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The sun always shines on MUTV

By Lars

If anything, the human rights situation in the UAE is even worse than in Qatar.

By James Montague

There were quite a few stories about football in the Persian Gulf this week, which means you might have missed two that went under the radar. The United Arab Emirates is currently hosting the 2019 Asian Cup, the continent’s equivalent of the European Championship. It has its fair share of Cinderella stories; both Yemen and Palestine have qualified for the finals, overcoming huge obstacles to be there. And the tournament will be dominated by the on going blockade or boycott (depending on which side you are on) of Qatar by a coalition of Arab countries lead by Saudi Arabia and the UAE. In fact, Qatar play Saudi Arabia later this month which should be interesting given that the UAE’s Attorney-General announced in 2017 that showing any support or sympathy for Qatar could land you in jail for up to 15 years or a 500,000 dirham fine, around 120,000 euros. If any supporters do fancy cheering on Qatar at the Zayed Sports City stadium in Abu Dhabi on January 17, good luck.

“Good for your health”
But January has also become the month when teams from across Europe make the regular pilgrimage to the Gulf for their warm weather training camps. Both the UAE and Qatar have built world class facilities that attract some of the world’s best teams. So the arrival of Ole Gunnar Solskjær’s Manchester United team at the Nad Al Sheba Sports Complex in Dubai was a fairly low-key event, routine even. The club posted regular updates and the odd anodyne quote from the players and coaches praising the trip, the facilities and of course the weather, a balmy and steady 28 degrees Celsius. Juan Mata even extolled the health benefits of the trip. “They also say that the sun makes your body produce vitamin D, which is good for your health,” he wrote on his blog, which was published on the Manchester United website.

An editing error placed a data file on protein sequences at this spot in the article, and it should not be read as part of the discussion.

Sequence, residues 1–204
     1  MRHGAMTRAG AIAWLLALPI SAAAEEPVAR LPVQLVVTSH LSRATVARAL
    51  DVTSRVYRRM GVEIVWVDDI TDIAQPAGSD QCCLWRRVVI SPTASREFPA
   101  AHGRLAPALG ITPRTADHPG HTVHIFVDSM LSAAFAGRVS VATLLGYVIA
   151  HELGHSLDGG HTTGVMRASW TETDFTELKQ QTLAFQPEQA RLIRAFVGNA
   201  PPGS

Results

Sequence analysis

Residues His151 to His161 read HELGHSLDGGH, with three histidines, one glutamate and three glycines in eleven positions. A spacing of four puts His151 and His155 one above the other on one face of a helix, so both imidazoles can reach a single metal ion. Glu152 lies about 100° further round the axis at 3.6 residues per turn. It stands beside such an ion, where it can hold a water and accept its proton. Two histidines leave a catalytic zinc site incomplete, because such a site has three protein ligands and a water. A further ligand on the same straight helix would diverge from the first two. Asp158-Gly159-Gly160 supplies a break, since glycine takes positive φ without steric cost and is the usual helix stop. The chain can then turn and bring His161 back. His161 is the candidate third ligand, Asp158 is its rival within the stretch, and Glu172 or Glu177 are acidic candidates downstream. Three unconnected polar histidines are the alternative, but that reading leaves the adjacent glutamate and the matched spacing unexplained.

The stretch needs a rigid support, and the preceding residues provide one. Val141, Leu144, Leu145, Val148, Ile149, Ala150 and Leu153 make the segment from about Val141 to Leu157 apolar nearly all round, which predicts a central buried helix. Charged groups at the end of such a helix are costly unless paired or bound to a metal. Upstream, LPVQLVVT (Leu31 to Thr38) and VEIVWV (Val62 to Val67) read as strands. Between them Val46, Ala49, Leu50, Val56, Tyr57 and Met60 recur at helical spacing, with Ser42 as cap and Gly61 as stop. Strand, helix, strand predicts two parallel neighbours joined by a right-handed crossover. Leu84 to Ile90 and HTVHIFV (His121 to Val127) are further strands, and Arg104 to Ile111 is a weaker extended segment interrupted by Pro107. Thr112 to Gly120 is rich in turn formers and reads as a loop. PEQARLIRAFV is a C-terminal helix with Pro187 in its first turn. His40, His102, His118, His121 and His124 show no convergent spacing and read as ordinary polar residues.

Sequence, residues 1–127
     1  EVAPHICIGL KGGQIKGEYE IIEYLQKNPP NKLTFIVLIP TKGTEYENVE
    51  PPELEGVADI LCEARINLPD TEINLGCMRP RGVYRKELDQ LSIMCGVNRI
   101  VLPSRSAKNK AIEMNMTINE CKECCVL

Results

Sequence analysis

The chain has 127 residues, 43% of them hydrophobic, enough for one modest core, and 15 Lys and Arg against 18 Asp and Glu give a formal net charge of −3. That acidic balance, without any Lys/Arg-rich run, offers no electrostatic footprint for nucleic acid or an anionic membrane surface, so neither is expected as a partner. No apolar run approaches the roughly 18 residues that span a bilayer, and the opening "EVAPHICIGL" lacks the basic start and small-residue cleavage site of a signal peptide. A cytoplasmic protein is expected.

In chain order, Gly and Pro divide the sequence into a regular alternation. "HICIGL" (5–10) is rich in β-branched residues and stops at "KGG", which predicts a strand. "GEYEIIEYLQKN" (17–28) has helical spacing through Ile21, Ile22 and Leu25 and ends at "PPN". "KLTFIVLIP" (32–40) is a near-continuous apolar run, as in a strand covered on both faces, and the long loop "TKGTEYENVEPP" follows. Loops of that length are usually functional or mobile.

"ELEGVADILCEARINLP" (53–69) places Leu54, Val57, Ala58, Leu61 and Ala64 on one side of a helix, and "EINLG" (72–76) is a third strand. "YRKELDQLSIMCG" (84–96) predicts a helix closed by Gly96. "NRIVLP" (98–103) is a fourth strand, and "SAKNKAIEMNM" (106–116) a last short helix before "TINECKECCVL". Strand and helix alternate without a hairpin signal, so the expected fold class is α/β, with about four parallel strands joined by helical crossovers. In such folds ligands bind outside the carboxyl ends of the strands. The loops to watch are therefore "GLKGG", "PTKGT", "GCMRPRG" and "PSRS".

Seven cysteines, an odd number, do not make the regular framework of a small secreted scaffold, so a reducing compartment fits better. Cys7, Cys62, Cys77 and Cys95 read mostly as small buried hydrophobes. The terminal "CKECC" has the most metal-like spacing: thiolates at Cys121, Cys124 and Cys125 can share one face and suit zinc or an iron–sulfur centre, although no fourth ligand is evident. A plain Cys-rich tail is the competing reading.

But there was another story about this winter’s warm weather camps that tells a different tale. Finland international Riku Riski refused to travel to Qatar for a warm weather training camp with his international teammates. His reasoning? Qatar’s poor human rights record. “I got the call and after that I discussed the issue with the team’s fixer and head coach,” he told Finnish newspaper Helsingin Sanomat. “The reasons for my decision were ethical ones, and the values to which I want to stay true. In my opinion that was important.”

Finland’s football association defended the decision whilst also pointing out that it paid for the trip in full and was not subsidised by Qatar. “It is of course his decision,” said Ari Lahti, the chairman of Finland’s FA, of Riski’s decision. “National team activities are voluntary, nobody can be compelled. But from an ethical perspective it feels strange that I am here with Nordic union leaders and football association chairs drawing attention to the same issue as Riku. In that sense Riku’s decision seems silly.”

UAE worse than Qatar
There have been other criticisms of teams travelling to Qatar. Bayern Munich were also in Qatar but faced a barrage of criticism from human rights NGOs and their own fans. One group of Bayern ultras, Schickeria, have consistently criticised the club’s connections to Qatar, which include a sponsorship deal with state owned Qatar Airways worth at least 10 million euros a year, maybe more. The uproar forced Bayern’s CEO Karl-Heinz Rummenigge to seek assurances from Germany’s foreign minister and claim that he had been told “that the situation for workers in Qatar has improved thanks to football.” That is true to some extent. Qatar has announced that it is to abolish Kafala, the system under which an employer essentially controls their employee and which has been compared to a modern form of indentured slavery, along with a series of other reforms largely thanks to pressure from human rights groups and a barrage of negative press. Although how much of that is on paper or in practice is still to be seen.

Inside a labour camp in Qatar.

But the contrasting treatment of Manchester United and Bayern Munich, and indeed the Finland national team, by their domestic audiences raises an important point. On the one hand Qatar is, rightly, pilloried for its record on worker rights. But Dubai and the United Arab Emirates often receive a free pass despite its own terrible record. The Kafala system is alive and well in the UAE with exploitation and abuse commonplace and little meaningful reform on the horizon. Democracy is virtually non-existent, torture is widespread in its jails and speaking out against the government, or even tweeting any criticism, can land you in jail for ten years. If anything, the human rights situation in the UAE is even worse than in Qatar.

Exploitation and abuse